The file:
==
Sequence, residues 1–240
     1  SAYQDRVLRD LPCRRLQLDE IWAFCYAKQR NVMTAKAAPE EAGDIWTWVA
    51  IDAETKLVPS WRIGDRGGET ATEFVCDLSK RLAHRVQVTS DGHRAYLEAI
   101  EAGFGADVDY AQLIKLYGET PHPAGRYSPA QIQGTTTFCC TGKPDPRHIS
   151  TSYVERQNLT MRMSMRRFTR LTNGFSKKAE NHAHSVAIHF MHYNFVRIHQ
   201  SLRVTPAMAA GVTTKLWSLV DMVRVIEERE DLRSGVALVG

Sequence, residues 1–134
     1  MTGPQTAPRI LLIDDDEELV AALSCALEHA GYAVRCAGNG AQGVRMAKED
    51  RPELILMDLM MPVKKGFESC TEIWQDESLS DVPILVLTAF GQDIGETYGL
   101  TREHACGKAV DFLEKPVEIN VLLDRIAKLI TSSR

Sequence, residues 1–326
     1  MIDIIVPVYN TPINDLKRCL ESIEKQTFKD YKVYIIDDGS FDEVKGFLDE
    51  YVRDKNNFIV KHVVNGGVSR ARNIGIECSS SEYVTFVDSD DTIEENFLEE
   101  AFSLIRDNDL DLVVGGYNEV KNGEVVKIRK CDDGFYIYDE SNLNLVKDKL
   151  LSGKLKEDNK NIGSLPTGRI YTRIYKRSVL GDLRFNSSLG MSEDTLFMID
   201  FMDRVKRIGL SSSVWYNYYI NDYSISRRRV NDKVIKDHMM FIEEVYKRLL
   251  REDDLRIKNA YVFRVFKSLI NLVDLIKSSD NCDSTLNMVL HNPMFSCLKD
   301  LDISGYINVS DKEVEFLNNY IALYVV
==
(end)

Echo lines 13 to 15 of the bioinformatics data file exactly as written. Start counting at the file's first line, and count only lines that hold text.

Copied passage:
    51  YVRDKNNFIV KHVVNGGVSR ARNIGIECSS SEYVTFVDSD DTIEENFLEE
   101  AFSLIRDNDL DLVVGGYNEV KNGEVVKIRK CDDGFYIYDE SNLNLVKDKL
   151  LSGKLKEDNK NIGSLPTGRI YTRIYKRSVL GDLRFNSSLG MSEDTLFMID